- Calcified extracellular substance
- Bone matrix
- Bone cells (osteocytes, osteoblasts and osteoclasts)
The bone matrix is the intercellular substance of the bone that forms most of the mass of the bone. It consists of two types of material: organic and inorganic.
The inorganic portion makes about half of the weight of the bone. It mostly consists of calcium hydroxyapatite, but there are also significant amounts of bicarbonate, citrate, magnesium, potassium, and sodium ions.
The organic portion of the bone matrix consists of collagen fibers (type I), proteoglycans, and glycoproteins (e.g. osteonectin and osteocalcin). The organic material is produced and secreted by the osteoblasts. When osteoblasts actively produce the bone matrix components they are cuboid in shape and their cytoplasm is basophilic. In contrast, when they are in an inactive state they flatten and their basophilic features reduce.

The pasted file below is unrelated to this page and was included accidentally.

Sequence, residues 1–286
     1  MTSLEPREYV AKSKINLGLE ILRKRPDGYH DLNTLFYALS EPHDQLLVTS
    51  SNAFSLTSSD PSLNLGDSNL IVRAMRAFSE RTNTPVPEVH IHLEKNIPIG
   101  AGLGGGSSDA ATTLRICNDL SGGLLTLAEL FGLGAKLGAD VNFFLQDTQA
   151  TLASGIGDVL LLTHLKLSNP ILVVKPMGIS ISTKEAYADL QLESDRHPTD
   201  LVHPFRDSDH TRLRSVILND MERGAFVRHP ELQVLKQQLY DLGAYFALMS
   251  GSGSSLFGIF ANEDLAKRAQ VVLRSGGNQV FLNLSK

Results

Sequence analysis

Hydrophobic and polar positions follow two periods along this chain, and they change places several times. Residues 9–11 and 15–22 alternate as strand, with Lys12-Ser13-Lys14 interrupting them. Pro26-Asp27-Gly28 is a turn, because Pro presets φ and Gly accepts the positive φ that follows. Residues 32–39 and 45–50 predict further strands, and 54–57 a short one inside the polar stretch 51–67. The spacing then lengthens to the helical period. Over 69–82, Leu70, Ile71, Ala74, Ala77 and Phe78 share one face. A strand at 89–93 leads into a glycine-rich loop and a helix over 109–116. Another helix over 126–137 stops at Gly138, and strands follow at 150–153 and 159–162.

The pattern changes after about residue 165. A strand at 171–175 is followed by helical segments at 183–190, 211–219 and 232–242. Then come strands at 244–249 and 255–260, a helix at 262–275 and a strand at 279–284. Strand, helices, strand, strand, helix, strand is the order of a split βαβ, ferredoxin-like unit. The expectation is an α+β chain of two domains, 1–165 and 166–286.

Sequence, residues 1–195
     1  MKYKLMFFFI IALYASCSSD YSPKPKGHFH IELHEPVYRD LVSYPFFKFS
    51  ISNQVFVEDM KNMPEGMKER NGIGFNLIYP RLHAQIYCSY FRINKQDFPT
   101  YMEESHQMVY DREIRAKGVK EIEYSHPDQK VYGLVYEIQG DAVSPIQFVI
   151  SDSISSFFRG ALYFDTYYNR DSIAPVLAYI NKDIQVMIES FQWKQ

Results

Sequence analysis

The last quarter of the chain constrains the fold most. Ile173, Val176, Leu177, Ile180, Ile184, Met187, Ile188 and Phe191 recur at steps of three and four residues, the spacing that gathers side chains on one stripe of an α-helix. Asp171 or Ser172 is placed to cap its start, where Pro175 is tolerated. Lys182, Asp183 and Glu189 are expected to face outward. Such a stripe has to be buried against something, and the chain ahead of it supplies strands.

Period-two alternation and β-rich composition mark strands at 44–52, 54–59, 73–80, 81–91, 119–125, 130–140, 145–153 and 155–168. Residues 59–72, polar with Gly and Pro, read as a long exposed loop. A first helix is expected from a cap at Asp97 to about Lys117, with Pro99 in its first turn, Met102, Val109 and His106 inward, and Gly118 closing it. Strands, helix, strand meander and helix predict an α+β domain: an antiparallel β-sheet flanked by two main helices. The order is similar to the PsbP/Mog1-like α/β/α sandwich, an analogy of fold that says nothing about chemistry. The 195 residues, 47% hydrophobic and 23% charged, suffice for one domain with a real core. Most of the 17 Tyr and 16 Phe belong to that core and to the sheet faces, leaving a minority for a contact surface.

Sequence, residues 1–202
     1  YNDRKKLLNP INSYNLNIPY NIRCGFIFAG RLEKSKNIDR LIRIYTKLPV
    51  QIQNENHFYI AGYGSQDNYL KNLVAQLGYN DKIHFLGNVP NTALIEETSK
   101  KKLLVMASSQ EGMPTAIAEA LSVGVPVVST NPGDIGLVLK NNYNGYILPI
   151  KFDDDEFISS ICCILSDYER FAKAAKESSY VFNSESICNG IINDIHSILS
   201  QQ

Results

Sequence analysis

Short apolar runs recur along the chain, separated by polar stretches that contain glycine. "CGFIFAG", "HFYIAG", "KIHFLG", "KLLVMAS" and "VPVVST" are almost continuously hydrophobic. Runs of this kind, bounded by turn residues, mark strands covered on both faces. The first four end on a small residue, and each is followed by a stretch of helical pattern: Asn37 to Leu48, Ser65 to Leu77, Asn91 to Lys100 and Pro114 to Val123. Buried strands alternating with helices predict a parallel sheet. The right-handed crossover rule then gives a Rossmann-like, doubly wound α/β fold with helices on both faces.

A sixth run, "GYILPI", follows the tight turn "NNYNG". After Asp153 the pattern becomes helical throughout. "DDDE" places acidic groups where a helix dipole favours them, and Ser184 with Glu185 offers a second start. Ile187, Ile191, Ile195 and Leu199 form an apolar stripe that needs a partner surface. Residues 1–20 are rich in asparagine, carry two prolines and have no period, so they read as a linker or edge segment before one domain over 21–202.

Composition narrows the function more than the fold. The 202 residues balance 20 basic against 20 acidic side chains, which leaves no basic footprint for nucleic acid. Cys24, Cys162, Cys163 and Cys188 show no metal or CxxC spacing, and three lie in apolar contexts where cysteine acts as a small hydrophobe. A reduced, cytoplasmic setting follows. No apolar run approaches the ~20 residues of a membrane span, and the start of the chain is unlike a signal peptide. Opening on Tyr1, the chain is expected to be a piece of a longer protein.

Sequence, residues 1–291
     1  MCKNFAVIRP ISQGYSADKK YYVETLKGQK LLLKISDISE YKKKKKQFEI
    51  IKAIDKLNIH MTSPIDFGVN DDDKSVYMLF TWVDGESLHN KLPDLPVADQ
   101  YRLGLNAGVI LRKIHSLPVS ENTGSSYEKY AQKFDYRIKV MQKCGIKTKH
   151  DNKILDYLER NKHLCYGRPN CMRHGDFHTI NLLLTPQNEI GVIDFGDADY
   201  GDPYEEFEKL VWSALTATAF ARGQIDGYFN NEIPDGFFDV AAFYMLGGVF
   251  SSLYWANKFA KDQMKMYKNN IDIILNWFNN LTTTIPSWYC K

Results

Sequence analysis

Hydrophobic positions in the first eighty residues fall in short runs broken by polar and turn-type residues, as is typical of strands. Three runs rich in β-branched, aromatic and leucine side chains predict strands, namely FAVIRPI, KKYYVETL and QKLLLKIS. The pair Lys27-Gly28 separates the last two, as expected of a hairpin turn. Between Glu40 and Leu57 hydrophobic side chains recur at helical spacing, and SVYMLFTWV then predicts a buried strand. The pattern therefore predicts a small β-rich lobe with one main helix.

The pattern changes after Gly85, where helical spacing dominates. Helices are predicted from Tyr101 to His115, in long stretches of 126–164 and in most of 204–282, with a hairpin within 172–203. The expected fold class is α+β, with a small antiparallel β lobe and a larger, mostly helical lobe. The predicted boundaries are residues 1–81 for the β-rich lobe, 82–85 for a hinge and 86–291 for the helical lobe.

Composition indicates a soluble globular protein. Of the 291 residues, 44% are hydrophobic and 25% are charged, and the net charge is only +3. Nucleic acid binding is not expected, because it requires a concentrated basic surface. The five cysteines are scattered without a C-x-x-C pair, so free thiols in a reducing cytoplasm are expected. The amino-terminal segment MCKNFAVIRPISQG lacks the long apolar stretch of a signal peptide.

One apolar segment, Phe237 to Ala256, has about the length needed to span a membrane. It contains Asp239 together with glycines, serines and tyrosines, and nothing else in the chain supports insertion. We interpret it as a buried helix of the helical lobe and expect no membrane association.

The main function of the bone matrix is to provide mechanical support for the bones.
English: Bone matrix
Latin: Matrix ossea
|Definition||The intercellular substance of the bone that forms most of the mass of the bone.|
|Function||Mechanical support and exerts essential role in the bone homeostasis.|
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